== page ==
In Feb. 2010, SeaWorld trainer Dawn Brancheau was killed during a show by the orca Tilikum. Official documents from the Orange County Sheriff’s Office, showed that SeaWorld dispatchers waited 27 minutes before dialing 911 for help.
Orlando – It was Feb. 24 when the forty-year-old experienced SeaWorld trainer was killed by a 12,000 lb male orca named Tilikum during a Dine with Shamu performance at SeaWorld Florida. A subsequent autopsy determined that Dawn had died of blunt force trauma to the head, neck and torso. She had also been drowned.
Tilikum had broken Brancheau’s jaw, broken her neck, dislocated one of her elbows, and, according to the autopsy report, had part of her scalp “forcibly” torn from her head. Tilikum also ripped off Dawn’s left arm.
Brancheau’s death was the fourth death caused by orcas in captivity and followed the deaths of Keltie Byrne at Sea Land of the Pacific in 1991; Daniel Dukes in 1999 and Alexis Martinez at Loro Parque in 2009. Tilikum was implicated in the deaths of both Byrne and Dukes.
SeaWorld imported Tilikum from Sealand of the Pacific in Vancouver, British Columbia, after Byrne’s death. The company was more than aware of the orca’s history, suggests the Occupational Safety and Health Administration (OSHA) investigation report into Brancheau’s death. A report Digital Journal has managed to obtain.
Even the NOAA National Marine Fishery Services (NMFS) was concerned about the whales SeaWorld wished to import. Prior to issuing a permit for public display, they asked the company in a letter (Dec. 17, 1991), if the corporation had considered the tragic incident at Sealand, and what actions it would take to prevent a reoccurrance prior to and after, acquiring Tilikum.
SeaWorld responded it had been implementing enhanced employee training and safety since 1987. As a result it said, there had been no accidents involving killer whales at SeaWorld facilities.
SeaWorld asserted, “we are generally familiar” with the circumstances surrounding the accidental death of Byrne, but we do “not have any of Sealand’s reports in this matter.” The marine park then urged NMFS to seek the reports directly from the Government of Canada and finally blamed the incident on “poor pool design” not relevant to SeaWorld facilities.
In a follow-up letter on Jan. 14 1992, Anne Terbush of NMFS again urged SeaWorld to, “obtain and closely examine all relevant reports.” The Fishery Services believed the Sealand incident to be “a significant enough event,” that required further addressing. Added Terbush, SeaWorld should also consider implementing recommendations made in these reports, to address the “care and maintenance” of the orcas after they are imported.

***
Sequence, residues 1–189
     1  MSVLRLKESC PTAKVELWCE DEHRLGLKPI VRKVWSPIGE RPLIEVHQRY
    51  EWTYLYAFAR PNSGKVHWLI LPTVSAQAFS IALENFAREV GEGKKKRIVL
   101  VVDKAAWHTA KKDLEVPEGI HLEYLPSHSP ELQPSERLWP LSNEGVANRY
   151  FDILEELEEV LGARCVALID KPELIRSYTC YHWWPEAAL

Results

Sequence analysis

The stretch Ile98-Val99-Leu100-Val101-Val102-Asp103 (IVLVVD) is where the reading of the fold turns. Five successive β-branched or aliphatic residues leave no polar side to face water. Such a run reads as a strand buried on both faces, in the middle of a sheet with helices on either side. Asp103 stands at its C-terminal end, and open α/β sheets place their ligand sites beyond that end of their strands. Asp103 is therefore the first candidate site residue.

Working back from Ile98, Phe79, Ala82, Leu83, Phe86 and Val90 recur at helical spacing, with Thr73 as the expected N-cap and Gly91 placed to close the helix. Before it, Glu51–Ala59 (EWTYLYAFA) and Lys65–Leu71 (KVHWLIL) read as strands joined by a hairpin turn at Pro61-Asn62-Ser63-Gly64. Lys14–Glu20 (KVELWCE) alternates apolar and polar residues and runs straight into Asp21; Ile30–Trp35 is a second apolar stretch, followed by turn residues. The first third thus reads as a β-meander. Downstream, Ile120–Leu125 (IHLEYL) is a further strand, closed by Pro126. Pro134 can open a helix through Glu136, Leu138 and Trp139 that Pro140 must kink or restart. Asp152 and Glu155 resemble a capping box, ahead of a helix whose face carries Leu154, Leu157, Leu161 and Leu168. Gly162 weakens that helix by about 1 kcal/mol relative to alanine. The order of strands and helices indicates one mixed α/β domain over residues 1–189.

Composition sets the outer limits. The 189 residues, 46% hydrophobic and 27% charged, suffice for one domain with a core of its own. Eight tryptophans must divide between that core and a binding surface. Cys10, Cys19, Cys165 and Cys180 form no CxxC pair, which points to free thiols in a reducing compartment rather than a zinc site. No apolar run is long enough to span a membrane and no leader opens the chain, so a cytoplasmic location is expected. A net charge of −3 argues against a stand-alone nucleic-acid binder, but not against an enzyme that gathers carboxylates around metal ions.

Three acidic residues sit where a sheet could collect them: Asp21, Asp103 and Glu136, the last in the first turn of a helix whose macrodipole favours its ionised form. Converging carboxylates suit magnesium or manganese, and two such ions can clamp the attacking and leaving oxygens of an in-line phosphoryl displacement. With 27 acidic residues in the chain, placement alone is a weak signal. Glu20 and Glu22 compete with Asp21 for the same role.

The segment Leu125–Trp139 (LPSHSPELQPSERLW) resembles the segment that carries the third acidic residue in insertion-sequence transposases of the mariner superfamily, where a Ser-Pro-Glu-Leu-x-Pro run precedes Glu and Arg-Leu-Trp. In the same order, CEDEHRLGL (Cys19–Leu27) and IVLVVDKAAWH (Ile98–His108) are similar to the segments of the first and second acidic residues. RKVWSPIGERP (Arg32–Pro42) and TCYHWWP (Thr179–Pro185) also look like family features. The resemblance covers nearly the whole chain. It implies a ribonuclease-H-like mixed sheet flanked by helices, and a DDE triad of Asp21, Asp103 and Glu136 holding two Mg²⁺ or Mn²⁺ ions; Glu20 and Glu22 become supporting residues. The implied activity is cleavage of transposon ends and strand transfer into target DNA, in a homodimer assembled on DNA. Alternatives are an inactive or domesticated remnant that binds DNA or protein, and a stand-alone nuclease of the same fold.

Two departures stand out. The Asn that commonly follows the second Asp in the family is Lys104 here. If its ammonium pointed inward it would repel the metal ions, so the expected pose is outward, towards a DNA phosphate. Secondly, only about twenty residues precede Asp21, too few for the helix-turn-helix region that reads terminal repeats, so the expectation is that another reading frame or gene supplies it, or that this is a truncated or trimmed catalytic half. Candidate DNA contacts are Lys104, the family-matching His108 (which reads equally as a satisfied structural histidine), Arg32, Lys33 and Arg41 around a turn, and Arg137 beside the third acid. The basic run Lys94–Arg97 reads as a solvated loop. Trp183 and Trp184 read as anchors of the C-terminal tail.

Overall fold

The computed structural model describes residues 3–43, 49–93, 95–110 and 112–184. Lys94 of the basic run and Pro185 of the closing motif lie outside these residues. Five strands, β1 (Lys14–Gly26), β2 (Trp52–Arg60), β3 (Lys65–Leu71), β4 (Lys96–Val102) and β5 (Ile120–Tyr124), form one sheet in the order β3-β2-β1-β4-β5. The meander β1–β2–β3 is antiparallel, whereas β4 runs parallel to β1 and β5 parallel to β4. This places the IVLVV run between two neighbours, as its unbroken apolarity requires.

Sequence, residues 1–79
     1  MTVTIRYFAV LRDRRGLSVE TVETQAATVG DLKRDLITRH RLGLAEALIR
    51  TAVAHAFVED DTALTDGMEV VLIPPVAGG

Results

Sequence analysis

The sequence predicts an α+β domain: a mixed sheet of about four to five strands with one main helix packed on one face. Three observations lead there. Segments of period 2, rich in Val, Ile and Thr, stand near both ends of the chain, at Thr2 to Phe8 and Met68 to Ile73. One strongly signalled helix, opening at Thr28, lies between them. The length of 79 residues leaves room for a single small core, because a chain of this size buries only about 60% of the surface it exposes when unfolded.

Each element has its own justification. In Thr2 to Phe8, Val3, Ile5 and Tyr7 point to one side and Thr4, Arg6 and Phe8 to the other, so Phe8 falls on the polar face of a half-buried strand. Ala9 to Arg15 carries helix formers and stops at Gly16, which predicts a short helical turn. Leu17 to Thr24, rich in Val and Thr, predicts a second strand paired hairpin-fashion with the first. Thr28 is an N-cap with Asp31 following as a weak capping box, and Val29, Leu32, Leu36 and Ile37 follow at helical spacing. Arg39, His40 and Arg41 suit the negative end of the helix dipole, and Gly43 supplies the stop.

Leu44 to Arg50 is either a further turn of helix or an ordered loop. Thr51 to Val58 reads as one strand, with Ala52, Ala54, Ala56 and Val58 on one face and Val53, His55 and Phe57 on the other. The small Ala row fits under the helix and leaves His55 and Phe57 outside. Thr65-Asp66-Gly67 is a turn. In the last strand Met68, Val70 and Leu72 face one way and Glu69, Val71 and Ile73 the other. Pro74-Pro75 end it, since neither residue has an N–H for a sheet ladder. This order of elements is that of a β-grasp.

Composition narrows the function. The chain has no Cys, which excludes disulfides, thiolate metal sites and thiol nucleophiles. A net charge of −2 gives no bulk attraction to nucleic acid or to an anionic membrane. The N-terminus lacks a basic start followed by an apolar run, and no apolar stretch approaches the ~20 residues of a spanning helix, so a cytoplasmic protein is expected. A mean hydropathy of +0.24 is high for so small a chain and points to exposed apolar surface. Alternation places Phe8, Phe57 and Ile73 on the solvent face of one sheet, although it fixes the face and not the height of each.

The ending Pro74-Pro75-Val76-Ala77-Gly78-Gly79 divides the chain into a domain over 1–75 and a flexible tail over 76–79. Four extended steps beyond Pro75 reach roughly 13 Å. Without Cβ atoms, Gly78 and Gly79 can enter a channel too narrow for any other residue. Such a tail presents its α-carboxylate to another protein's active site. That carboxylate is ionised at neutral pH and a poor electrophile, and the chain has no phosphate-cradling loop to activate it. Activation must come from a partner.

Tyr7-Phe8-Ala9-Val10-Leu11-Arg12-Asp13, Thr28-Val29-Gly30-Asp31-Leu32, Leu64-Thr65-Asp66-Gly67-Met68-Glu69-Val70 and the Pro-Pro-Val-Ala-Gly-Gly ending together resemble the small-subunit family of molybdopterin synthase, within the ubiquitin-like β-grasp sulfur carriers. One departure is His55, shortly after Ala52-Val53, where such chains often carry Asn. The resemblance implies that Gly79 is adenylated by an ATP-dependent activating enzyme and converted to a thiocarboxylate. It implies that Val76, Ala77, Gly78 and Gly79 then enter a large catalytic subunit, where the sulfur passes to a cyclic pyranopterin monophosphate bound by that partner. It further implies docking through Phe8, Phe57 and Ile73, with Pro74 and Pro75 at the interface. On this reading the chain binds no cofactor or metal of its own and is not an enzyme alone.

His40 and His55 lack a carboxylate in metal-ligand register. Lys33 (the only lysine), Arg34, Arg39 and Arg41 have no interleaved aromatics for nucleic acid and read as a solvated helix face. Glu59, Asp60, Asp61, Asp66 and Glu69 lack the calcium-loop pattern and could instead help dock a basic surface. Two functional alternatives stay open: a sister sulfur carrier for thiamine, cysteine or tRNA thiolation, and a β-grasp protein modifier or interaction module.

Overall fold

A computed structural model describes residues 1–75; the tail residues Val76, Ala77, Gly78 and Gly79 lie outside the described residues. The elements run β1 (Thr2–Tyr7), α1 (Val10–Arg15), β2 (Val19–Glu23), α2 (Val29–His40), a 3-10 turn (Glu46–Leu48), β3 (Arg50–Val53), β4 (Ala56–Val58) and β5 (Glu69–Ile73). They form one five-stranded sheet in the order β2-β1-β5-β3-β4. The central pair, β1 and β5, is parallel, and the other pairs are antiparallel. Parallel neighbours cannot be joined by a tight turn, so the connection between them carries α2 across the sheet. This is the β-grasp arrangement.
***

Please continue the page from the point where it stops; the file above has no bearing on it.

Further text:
SeaWorld responded on Feb 14, 1992 and informed NMFS the company had undertaken a review of the Workers Compensation Board-Employer’s Accident Investigation Report and Sealand’s policy statements. The conclusion reached they said, only reinforced their previous assertions that the incident was unique to Sealand. SeaWorld’s missive however, did not indicate whether the company had bothered to obtain either the Work Safe BC Accident Inspection report, or the Verdict of the Coroner’s Inquest.
Perhaps yet more disturbing, are the polar opposite views held over Byrne’s death by OSHA and SeaWorld. The marine mammal park regarded the trainer’s death as accidental. Upon further investigation by OSHA, it was deemed anything but. OSHA referred to a description of the incident by both the Seattle Times and a PBSFrontline report, which showed the orcas’ willful intent to keep Byrne in the pool with them.
It was clear Tilikum arrived from Vancouver with a history; one the corporation failed to pass on to its staff, said former SeaWorld trainer and co-founder of Voice of the Orcas, Samantha Berg. Berg who appeared on the CBS Early Show last year, said:
“My understanding of the animal’s past was very limited. In fact, there had been 30 incidents between killer whales, and trainers prior to my being hired at the park. And I didn’t know about any of them until after I left SeaWorld. So I think that’s a serious mistake on SeaWorld’s part that they weren’t letting people know the history of all the animals.”
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